How to do squat like a pro:

For doing a squat start with extending both of your arms at your front or overhead. Then start sinking your hips slowly till your thighs become perfectly parallel to the ground, and make a sharp angle of 90-degree. This depth can be good for beginners. If you are already a pro, going deeper is better for good mobility. Your bum should be below parallel in deeper squats. While you are standing back, avoid letting the back cave in. Keep both of your knees at the back of the toes, and your whole weight on the heels. Make sure you keep your back straight and upright while you are squatting down. If this air squat is simple and quite basic to you try performing different variations of squats for adding challenge.

Common Squat Mistakes

Following are some of the common mistakes that most people make while performing squats. It only reduces their effectiveness and makes sure you avoid them

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  • Not lowering your body Far Enough – One of the most common mistakes that people do with squats is not lowering their bodies enough. It can be fixed simply by making a wider stance. It will help in making their body steady while they are lowering it down. Winder stance engages more muscle. The ideal depth of squats is your hips going below your knees. If you are a beginner you can be easy on it but focus on perfecting the techniques. The lower you go, the more effective the squat will be.
  • Drifting of Knees Inward – Pointing the knees inward makes the squats comfortable but compromises the gains. Try to turn the toes outwards to prevent the knees from pointing inward. Technically, the knees should be aligned in a line with the ankles & hips. It will help with avoiding all types of injuries.
  • Leaning Too Far Forward – Beginners can lean too forward while performing the squat. Doing this will only make the squat more ineffective. Most of the weight should be placed on the heels while dropping for the squat. It will distribute your body weight evenly by keeping your torso upright and straight.

Dropping Down Too Fast – Some people tend to drop down fast while performing the squat. But doing this will only compromise on the gains. Adding weight and slow downward movement will increase their gains while reducing the chances of injuries.

Effects of Squats on the Distance Running Performance

A Lot of people believe in the false myths that squatting is bad for distance running. They stay away from performing squatting & keep their focus on increasing the mileage for each week. Which isn’t a good approach. The muscles that are utilized in squatting are the same muscle used in running. Squirting improves posture, balance, mobility, coordination and develops strength that is good for long-distance runners. The easiest approach is to start implementing squats for one or two days a week in your running routine.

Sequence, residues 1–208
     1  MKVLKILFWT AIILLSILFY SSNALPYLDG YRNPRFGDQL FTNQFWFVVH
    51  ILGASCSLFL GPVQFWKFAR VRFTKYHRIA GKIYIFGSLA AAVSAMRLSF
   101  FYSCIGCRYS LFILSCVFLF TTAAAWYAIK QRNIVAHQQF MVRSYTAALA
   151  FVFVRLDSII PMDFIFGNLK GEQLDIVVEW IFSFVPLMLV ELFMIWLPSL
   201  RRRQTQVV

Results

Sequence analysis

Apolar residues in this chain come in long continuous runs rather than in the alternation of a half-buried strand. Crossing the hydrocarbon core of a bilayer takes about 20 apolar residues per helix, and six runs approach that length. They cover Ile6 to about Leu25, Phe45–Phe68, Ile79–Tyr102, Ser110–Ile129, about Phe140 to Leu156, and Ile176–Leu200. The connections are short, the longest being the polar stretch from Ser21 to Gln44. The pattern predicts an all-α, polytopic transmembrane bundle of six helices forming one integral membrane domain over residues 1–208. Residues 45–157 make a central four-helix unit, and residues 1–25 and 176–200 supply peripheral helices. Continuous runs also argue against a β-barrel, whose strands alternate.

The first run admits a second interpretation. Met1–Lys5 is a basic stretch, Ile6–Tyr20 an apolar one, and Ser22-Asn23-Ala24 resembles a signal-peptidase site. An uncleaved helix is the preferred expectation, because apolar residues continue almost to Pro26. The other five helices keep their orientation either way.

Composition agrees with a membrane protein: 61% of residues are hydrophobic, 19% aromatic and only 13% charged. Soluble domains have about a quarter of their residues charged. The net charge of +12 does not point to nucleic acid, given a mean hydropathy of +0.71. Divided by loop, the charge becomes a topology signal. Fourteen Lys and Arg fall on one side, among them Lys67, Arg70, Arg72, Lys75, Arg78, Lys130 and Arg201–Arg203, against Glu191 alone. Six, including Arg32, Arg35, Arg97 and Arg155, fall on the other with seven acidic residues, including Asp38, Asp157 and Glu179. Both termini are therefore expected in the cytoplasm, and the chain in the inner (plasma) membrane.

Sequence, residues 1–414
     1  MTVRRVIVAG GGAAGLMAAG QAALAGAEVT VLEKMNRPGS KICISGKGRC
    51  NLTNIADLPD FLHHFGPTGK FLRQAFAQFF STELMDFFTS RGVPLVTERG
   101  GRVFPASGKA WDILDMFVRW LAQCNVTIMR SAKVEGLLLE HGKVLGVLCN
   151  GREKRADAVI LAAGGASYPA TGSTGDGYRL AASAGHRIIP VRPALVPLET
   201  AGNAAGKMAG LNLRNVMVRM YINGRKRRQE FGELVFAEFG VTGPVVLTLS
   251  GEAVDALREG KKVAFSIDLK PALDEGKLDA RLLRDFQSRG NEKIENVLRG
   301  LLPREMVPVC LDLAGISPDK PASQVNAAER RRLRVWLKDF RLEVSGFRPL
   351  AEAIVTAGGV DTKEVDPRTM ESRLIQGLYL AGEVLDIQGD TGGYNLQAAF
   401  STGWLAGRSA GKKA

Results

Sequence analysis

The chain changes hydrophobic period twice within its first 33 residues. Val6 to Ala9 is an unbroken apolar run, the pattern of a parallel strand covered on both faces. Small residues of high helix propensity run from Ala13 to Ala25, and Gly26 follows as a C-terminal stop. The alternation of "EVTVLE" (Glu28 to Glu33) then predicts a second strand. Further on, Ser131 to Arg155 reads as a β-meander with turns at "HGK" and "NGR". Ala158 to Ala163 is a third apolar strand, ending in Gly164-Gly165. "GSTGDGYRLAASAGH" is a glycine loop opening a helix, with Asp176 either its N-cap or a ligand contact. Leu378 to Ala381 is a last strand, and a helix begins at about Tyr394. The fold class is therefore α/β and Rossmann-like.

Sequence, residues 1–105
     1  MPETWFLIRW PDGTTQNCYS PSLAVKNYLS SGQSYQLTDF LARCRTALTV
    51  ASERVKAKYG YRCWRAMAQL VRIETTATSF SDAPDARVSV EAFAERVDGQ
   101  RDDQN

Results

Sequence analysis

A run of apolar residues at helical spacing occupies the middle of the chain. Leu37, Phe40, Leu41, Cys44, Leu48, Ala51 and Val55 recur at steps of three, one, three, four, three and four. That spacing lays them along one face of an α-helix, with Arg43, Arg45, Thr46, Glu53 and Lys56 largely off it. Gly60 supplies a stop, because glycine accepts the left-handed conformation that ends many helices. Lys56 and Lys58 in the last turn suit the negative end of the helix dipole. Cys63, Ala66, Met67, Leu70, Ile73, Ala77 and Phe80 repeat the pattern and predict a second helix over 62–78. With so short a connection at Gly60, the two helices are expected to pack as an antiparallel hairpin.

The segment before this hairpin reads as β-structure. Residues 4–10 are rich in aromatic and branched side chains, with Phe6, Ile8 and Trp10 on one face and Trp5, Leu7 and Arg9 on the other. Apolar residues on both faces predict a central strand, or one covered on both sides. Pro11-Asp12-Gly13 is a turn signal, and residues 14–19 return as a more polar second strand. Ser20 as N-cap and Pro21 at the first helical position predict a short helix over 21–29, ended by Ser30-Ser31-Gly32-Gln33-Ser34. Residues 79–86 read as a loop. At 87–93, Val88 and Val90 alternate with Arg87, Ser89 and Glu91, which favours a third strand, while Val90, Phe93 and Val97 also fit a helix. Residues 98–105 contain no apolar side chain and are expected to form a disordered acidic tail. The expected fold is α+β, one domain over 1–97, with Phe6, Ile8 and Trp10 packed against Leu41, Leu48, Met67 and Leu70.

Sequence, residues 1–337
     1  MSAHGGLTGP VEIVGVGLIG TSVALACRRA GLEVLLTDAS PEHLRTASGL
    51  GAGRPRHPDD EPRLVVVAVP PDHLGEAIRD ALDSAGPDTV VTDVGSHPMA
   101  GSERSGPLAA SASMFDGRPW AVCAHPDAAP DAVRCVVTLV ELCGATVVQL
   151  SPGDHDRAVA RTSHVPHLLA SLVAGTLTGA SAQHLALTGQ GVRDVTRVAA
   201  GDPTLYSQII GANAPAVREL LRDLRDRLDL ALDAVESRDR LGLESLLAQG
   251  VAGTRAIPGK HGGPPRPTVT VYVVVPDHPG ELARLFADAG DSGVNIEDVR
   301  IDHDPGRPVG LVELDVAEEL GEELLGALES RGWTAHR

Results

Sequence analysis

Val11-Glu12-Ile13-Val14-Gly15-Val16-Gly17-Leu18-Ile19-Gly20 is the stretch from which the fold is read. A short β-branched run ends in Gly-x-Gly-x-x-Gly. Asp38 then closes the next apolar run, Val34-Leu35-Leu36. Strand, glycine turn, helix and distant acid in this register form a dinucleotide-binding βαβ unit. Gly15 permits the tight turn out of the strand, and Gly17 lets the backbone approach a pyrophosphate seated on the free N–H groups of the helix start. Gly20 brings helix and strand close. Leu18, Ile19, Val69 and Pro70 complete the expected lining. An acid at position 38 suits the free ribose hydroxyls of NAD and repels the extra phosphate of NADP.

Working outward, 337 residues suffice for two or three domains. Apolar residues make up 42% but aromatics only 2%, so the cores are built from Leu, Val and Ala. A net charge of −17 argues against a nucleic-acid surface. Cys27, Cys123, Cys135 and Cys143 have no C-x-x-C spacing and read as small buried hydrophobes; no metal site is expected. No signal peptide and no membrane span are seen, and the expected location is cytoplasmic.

It will also make your knees more stable & less vulnerable to pain and injuries while improving the recovery period for your legs. Which will lessen your long-run fatigue. The increase in 1RM of squat allows the runner to produce more force by the ground, as the contact with ground becomes lower at high velocity runs. It helps in producing high power, for fast tempo runs. Long runs can lead to issues, like the mobility of hip flexors, lower back pain & weak quadriceps squatting helps with that. All because of the squatting technique. Squats are a beneficial & strength proficient exercise that gives the power to distance running regardless of your fitness level.

How Often Should Runners Squat?

A squat is one of the complex & demanding exercises, it should be always performed after running. You can skip them on your non running days. If you incorporate weight or perform some variation of squats then they must be performed after running sessions. It will ensure that the hard run will stay easy on your body. Beginners should focus more on perfecting their squatting technique. As they are just relying on their body weight.

The downside of Skipping the Squats

If you suffer from any kind of injury that prevents squatting, you do not need to stress out. Instead, you can perform squats with some other workout that images similar muscle groups such as lunges. Similar workouts will also strengthen your glutes, hips, hamstrings, & quads. Having weaker muscles in those regions can significantly affect your running ability. The injury rate among runners raises to 70% every year, strength training plays a key role in preventing those injuries. So, don’t shy away from incorporating strengthening workouts into your running routine.

Guest Post by James Wilson, Born Tough | Elite Sports